Frumkin, H. (1). Healthy Places: Exploring the Evidence. American Journal of Public Health, 93(9), 1451–1456. http://dx.doi.org/10.2105/ajph.93.9.1451
“Sense of place” is a widely discussed concept in fields as diverse as geography, environmental psychology, and art, but it has little traction in the field of public health. The health impact of place includes physical, psychological, social, spiritual, and aesthetic outcomes. In this article, the author introduces a sense of place as a public health construct. While many recommendations for “good places” are available, few are based on empirical evidence, and thus they are incompatible with current public health practice. Evidence-based recommendations for healthy placemaking could have important public health implications. Four aspects of the built environment, at different spatial scales—nature contact, buildings, public spaces, and urban form—are identified as offering promising opportunities for public health research, and potential research agendas for each are discussed.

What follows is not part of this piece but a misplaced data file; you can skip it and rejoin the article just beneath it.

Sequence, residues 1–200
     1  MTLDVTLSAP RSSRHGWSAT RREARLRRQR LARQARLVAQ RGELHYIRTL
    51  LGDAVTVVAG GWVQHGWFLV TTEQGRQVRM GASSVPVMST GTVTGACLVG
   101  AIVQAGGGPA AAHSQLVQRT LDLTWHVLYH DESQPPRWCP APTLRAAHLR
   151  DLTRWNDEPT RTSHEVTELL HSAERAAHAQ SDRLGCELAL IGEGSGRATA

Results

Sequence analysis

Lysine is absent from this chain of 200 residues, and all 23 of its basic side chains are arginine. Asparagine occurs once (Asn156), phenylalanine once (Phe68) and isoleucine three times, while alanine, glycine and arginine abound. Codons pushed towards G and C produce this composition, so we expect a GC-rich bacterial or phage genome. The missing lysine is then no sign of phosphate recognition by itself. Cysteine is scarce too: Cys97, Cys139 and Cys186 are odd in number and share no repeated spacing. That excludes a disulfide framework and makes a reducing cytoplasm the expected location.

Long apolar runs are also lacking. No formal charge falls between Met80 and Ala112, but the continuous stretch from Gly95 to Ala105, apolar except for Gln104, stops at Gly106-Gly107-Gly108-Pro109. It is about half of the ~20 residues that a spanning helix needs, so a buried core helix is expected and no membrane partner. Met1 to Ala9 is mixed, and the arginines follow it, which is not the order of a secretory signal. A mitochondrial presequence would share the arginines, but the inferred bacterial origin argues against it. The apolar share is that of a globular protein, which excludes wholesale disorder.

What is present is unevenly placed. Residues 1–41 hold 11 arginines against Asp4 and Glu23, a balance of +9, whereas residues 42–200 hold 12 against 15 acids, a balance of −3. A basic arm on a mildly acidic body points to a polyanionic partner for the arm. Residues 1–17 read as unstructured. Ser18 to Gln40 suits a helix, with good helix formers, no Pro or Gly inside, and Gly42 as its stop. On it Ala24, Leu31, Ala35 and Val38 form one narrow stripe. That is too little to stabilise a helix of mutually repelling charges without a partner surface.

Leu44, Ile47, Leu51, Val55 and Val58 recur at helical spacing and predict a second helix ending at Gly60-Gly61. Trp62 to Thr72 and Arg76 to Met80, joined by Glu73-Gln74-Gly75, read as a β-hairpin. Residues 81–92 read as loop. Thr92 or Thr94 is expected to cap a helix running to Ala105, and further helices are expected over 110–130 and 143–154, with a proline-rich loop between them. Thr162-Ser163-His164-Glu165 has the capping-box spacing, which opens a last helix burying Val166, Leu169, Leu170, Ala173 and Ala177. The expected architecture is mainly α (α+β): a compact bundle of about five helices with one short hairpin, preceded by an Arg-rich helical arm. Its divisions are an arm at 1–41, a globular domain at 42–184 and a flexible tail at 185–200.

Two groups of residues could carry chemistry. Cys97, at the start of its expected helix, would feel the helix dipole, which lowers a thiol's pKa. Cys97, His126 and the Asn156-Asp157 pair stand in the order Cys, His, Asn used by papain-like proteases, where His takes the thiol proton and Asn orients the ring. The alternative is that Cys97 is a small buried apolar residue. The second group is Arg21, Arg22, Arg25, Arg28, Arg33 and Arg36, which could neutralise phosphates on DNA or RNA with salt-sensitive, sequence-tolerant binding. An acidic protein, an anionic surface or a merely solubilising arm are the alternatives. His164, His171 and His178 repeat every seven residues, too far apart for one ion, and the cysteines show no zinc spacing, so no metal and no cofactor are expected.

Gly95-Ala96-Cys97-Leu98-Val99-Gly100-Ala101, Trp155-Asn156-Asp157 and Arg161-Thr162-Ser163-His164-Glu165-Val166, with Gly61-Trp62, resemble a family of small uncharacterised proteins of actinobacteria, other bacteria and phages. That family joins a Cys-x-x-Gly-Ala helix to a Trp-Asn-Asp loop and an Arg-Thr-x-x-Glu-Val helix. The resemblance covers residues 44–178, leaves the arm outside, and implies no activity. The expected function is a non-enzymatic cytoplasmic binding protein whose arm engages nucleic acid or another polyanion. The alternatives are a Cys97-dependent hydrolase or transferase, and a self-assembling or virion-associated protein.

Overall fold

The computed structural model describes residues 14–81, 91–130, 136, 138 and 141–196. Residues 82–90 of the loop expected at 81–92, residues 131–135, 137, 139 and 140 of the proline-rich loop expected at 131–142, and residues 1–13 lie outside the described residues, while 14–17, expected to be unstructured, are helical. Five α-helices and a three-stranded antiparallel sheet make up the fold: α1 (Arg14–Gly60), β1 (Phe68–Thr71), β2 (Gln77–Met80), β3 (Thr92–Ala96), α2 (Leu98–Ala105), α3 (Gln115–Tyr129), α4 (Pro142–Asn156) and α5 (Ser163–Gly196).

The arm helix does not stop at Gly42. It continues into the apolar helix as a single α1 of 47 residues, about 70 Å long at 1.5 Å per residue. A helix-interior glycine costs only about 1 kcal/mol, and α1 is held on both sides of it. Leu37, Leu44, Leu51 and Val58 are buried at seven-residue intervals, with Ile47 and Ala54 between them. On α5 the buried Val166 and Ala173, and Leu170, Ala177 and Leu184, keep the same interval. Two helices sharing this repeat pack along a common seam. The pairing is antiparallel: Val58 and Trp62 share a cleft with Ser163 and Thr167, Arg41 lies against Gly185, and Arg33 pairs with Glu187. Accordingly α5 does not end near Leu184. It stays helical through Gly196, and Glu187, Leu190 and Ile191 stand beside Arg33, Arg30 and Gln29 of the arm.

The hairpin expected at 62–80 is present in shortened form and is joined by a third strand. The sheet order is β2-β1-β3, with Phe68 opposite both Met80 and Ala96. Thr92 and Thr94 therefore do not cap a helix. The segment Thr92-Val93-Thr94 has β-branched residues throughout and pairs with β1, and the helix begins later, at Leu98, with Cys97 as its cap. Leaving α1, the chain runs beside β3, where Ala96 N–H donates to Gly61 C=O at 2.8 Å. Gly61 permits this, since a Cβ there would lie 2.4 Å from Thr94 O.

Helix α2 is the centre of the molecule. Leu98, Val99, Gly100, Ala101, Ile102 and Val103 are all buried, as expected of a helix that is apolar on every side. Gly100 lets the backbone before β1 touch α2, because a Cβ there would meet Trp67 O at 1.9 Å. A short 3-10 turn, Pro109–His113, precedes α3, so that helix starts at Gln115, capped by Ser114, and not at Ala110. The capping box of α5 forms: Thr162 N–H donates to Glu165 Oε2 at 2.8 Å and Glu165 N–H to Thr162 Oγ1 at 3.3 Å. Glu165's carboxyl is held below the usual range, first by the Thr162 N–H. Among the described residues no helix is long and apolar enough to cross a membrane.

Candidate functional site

Partial evidence shows that public spaces and urban form have important impacts on public health, a research agenda is discussed
Description of method used in the article
Of practical use